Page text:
At The Sanctuary, we offer all of these and more, as well as teaching practical strategies to use in your everyday life. Our clients also attend daily talk therapy, where they have a chance to process and integrate what came up for them in other sessions. 

Ultimately, healing from trauma is about getting underneath its symptoms and into the operating system where this programming exists. While your brain and body may be conditioned by your trauma, the good news is that you can also retrain them. By breaking the bonds of your past, you open yourself to new possibilities for the future. And when that happens, more of your energy becomes more available to you. Then, you can redirect your attention to what really moves your soul. 

Recovering from Addiction and Trauma at The Sanctuary 

Restoring the Body and Brain

When our stress response system is overworked for so long, we no longer have energy for self-repair. That’s why at The Sanctuary, we dedicate so much attention to getting all of your systems back to functioning normally, so you can feel present and focused in your therapy sessions and get the most out of your time in treatment. This includes approaches such as:

  • IV drip therapies like NAD+, vitamin infusion, and detox support to replenish depleted nutrients and kickstart your body’s healing processes
  • A superfood nutrition program to restore your gut health, as well as weekly nutrition classes so you can keep up your new habits at home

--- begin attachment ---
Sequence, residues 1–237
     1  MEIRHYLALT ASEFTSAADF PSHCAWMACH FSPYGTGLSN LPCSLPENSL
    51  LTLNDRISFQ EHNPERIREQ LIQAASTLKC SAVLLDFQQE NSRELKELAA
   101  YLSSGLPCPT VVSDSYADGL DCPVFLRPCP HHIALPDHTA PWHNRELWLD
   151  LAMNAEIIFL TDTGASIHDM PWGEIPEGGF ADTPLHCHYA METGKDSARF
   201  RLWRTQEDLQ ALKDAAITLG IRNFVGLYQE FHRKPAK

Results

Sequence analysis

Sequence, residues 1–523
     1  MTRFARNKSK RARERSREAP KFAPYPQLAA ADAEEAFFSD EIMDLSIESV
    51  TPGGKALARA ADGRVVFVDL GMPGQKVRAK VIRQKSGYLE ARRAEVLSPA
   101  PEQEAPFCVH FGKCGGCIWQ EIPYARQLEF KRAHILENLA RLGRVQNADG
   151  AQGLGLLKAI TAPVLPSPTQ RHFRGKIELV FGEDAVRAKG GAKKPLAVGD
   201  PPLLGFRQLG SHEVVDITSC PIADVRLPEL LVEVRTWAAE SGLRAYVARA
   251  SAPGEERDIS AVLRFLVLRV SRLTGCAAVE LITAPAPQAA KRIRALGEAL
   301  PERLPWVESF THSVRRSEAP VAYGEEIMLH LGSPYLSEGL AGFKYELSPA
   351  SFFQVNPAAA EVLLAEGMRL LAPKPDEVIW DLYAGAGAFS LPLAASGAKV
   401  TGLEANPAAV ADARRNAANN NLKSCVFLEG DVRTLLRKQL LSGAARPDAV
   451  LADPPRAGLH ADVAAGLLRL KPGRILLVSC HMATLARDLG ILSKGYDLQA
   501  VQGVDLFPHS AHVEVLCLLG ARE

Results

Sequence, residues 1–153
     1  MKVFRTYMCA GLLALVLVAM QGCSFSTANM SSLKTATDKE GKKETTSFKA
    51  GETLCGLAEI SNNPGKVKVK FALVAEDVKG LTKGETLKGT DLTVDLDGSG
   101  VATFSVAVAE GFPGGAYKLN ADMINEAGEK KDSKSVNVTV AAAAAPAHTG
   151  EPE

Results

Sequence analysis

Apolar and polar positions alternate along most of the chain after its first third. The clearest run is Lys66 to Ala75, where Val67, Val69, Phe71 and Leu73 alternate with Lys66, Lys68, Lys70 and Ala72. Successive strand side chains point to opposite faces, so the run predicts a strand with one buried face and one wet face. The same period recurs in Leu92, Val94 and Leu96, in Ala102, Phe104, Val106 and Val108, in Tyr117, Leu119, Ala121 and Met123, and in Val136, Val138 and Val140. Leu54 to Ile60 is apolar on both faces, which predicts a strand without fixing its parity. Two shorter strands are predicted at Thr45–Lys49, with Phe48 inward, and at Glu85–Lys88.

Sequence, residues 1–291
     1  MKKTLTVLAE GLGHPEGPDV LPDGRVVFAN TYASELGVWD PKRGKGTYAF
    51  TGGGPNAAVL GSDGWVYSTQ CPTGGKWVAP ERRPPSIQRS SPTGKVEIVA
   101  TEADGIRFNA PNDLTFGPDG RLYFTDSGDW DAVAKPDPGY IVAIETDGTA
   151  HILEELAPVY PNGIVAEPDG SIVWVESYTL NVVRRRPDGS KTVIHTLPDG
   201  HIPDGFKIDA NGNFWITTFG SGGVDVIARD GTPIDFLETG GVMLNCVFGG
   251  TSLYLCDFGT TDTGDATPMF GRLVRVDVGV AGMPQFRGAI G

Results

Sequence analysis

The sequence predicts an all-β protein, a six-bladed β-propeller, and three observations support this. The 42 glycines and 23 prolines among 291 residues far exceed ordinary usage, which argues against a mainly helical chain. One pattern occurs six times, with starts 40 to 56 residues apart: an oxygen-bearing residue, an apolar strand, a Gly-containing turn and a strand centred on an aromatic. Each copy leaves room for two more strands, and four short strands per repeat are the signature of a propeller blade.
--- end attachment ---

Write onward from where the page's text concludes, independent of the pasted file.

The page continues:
• Personalized supplement protocol to repair the brain and body, prescribed by our in-house Functional Medicine doctor 

Digging Deeper to Solve Root Causes 

We the counselors, therapists, doctors, and nurses have a clearer understanding of what it is we are treating,” says Abadi. “If we treat the drug, alcohol, or sex problem we are missing the point. That behavior is a symptom of a much deeper underlying hurt.”

Our science-based addiction and trauma treatment program does just that. 

This transformative journey allows you to discover the relationship between your past traumas and current self-harming behaviors. You’ll have the ability to make these connections and heal your wounds at their source at every step of your healing journey. And, we intentionally expose you to a wide array of healing modalities, so you can learn what works best for you

A Safe Environment for Healing 

We understand that shaming, blaming, and judging do not create a conducive environment for healing. And we know that if you’re going through addiction, you’ve done enough of that yourself. In fact, our approach is just the opposite. We’re not here to tell you what you did wrong. We’re here to help you see your strengths and harness them to create the life you desire. 

According to Maté, “The more pain you cause people, the more you shame and isolate them, the worse they’ll feel about themselves. The more suffering you impose, the more you strengthen their need to escape.” At The Sanctuary, we take great care to create conditions that let you feel safe enough to take on this great challenge of healing. And our incredible team is available around the clock to make sure you’re guided, supported, and cared for.

Learn how you can not only heal from the effects of trauma and addiction but live your life from a completely different place. Contact our admissions team today.  

He is the Founder, Administrator, Counselor at the Sanctuary at Sedona.

He has a BA in Political Science and is currently Senior teaching staff at Four Winds Society, an international school of energy medicine. His credentials also include being an Ordained Minister; a Certified Shamanic Breathwork® Facilitator; a Founding Member Society for Shamanic Practitioners; a Member of Association for Comprehensive Energy Psychology; a Member of the National Institute for Holistic Addiction Studies. [email protected]